8. [Marginal note: Walgrave for marten marprelate] Being examined what booke it was, which David Hoël [i.e., Howell] mentioneth to bee printed in Mistress Cranes house in the Countrye, he thinketh it to be the Demonstration of Disciplyne. And afterward upon better remembraunce, he addeth, that he cannot well tell whether he had the first book of Martyn Marprelate, from Mr Wiggington or from Waldegrave: but he rather thinketh he had it of Waldegrave.
By me Nicholas Tomkins
A Recognizance for xxli [£20] for his apparance before the Commissioners within iii dayes after warning leste at his owne house in Grayes Inne Lane, yf he bee in towne, or else within iii dayes after hee returne out of the Contrey.
9. Memorandum That among other speeches which he uttered, he sayd that he thought Davyson was not the author of Diotrephes, but rather thinketh Mr Udall was. And furder being demanded among other questions, where the book of Martyn [the Epistle] was printed, he answered, you knowe well enough, even where this last book [the Epitome] was printed, insinuating Northamptonshyre.
Memorandum that this examination was taken & subscribed as afore before me Richarde Cosin one of the Masters of the courte of channcery.
29. die Novembris 1589
Nycholas Tomkins of London in the parishe of Aldermanberye sworn and examinede.
1. Beinge askede when Walgrave brought the case of lettres to Mistress Cranes house in London he answerethe that it was shortlie after Walgraves lettres were defacede [i.e., after May 13, 1588].
2. To the seconde he sayethe that Walgrave and his Wyffe brought these lettres to the house and layde the same upon the boorde [table] in the house, and from the boorde this examinate did take them and layde them uppe the [illegible word] in the buttrie.
3. To the thirdd he answereth that to his remembraunce the case of lettres remaynede there about three monethes.
4. To the 4 this deponent sayethe that Walgraves wyffe dyd fetche away the case, and that an other woman called Mistress Newlande delyverde the same to heire.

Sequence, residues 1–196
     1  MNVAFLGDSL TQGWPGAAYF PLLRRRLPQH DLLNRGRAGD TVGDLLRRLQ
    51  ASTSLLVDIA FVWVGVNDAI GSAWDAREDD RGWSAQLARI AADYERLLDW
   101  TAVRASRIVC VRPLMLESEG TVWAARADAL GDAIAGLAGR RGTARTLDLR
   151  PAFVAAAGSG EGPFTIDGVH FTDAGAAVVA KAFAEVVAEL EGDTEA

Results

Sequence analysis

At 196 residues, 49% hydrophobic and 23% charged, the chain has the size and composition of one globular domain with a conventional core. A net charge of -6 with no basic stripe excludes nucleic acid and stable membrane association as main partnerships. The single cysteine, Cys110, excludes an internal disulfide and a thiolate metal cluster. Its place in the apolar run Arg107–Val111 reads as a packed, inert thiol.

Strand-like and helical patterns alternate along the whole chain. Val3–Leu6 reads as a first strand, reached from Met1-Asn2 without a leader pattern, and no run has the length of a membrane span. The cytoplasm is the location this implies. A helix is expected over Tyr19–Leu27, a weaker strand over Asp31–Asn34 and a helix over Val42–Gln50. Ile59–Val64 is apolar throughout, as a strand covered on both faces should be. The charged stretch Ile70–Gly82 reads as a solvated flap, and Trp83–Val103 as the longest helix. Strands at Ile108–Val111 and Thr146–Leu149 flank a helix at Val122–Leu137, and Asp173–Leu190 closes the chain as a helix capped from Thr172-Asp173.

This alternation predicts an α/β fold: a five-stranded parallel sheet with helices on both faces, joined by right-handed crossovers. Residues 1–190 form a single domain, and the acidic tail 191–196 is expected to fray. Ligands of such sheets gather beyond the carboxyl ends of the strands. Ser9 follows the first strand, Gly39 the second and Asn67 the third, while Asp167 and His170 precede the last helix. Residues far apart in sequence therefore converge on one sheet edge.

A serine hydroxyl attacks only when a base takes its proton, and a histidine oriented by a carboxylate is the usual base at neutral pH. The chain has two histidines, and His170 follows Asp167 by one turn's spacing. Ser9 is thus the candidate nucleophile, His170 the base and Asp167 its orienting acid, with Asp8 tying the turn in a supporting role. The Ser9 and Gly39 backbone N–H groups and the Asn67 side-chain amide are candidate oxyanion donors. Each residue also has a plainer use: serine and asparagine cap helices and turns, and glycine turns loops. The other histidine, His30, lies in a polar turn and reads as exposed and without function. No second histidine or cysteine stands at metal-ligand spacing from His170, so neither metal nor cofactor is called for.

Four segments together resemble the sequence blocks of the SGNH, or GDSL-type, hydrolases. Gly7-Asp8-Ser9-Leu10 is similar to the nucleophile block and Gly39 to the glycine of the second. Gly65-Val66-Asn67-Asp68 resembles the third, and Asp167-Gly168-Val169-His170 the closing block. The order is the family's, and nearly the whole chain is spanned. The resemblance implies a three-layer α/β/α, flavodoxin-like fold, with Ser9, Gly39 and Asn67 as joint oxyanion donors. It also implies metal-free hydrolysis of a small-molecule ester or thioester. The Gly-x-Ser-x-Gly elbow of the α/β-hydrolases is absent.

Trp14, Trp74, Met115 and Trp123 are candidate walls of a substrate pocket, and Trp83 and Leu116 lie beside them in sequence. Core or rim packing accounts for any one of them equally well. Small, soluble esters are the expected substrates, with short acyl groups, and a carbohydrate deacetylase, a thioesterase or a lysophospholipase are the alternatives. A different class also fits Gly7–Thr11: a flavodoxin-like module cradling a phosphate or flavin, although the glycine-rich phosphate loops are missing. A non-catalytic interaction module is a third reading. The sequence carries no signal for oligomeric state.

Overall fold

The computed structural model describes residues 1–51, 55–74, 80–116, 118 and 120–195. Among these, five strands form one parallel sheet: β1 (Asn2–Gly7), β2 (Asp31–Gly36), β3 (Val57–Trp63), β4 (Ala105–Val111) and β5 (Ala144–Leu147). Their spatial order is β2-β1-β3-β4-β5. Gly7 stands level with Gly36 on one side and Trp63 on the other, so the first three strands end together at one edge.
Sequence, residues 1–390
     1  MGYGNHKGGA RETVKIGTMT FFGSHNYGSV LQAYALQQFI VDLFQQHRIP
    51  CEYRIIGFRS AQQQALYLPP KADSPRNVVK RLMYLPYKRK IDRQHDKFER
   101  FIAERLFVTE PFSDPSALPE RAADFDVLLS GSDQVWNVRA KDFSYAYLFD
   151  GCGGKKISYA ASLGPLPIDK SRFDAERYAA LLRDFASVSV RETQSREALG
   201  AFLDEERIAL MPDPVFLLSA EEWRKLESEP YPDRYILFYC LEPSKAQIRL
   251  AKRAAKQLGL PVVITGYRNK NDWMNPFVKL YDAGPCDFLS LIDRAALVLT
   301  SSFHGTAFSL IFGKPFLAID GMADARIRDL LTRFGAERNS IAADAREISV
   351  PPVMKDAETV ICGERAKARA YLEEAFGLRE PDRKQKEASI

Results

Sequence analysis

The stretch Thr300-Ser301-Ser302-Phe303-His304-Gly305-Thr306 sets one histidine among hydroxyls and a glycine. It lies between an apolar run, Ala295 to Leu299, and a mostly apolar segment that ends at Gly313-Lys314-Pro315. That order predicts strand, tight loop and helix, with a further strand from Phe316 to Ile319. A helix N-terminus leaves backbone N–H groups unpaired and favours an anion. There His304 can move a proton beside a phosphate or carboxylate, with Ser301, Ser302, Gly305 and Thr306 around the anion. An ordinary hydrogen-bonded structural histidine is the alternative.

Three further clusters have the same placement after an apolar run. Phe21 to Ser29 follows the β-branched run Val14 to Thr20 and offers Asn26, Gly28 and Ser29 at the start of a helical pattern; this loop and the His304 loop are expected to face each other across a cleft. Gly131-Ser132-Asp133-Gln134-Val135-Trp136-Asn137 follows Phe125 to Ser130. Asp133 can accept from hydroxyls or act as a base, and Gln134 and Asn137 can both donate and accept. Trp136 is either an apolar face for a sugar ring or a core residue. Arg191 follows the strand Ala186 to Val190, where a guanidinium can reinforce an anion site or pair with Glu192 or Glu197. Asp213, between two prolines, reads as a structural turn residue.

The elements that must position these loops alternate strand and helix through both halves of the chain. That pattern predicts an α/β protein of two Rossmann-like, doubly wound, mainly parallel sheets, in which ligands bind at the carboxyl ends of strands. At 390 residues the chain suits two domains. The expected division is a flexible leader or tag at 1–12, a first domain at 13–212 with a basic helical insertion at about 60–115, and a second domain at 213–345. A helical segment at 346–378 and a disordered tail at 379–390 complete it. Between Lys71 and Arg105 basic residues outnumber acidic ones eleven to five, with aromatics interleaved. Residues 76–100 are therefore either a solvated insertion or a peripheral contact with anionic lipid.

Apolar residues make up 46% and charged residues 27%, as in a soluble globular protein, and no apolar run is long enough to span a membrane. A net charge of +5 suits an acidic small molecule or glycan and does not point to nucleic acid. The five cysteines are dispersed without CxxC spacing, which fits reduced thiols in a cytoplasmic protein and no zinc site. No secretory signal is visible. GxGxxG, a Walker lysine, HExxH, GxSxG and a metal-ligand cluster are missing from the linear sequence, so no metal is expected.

5. To the 5 he belevethe in his conscience that Walgrave and Penry were printinge somme bookes, in that he [illegible word] at [two illegible words] and that he is so to beleve bicause Penry did desyre Mistress Crane that he myght unlade a lode of stuffe at her sayde house in Mowlsey in whiche lode of stuffe he belevethe the presse and lettres were.
6. To the 6 he knoweth not any thinge of the printer of the [illegible word: interogation?] but that he thinkethe the sayd Walgrave and Penry were then occupeid about the printinge of a Booke about Mychallmasse [September 29, 1588].
7. To the 7 he sayethe that he beinge in London dyd heare of Walgrave and Howell alias Hopkins Penryes man that Udall resortede to the house of Mowlsey at sundrie tymes while the sayd Walgrave and Penry were there.
8. To the viii he answereth that Walgrave in London in the streete towarde the mooregate dyd offre hym the sale of [fol. 89v] a nombre of the first books of Martyns bookes [i.e., copies of the Epistle] but he tooke but one and refused any more and that Walgrave tolde hym then the books were in his owne house.
9. [Marginal note ū for Udall] To the ixth he hath herde Penry named to be the author of the first Martyn. But he knoweth that Udall was the author of the Demonstration of Disciplyne, for that Udall hym selfe tolde hym so and that he saw in Kingeston upon Thames eyther in Udalles own house or in Chelsames house a cataloge of suche bookes as Udall hadd made and prynted and in that cataloge he sawe that booke of Demonstration of Discipline for one.
10. [Marginal note ū for Udall] To the x [tenth] he sayeth that he beleveth that the booke of Demonstration of Disciplyne was printede in Mistress Cranes Howse at Mowlsey because the printing presse was there and that Udall and Walgrave were lykwise together at that tyme in that house.
11. [Marginal note ū for Udall] To the 11 he sayethe that he beleveth that Udall was Author of Diotrophes because he sawe that booke allso in the sayde cataloge and because he is a northerne man.
12. To the 12 he sayeth, that therfore he thinketh that the first Martyn was printed in Northampton sheyre because the presse was carryde thider from Mowlsey and beyng asked howe he knowethe the removynge of the presse from Mowlsey he saytehe that he harde Penry promise Mistress Crane fearing somme trouble by receavynge of the lode of stuffe wherein the presse was that he wolde fynde the meanes to carry the same away agayne to Northampton shere. And further sayeth that at his Mistress comynge thider at Hallowmas [November 1, 1588] all was removede thence.
[13, 14] To the 13 and 14 he beleeveth that Penry hym selfe Walg. [Waldegrave] and Davie Howell alias Hopkins were the laders of the presses with the healpe of the carier that commeth for it from Northamptonshere.
By me Nicholas Tomkins
Examined before us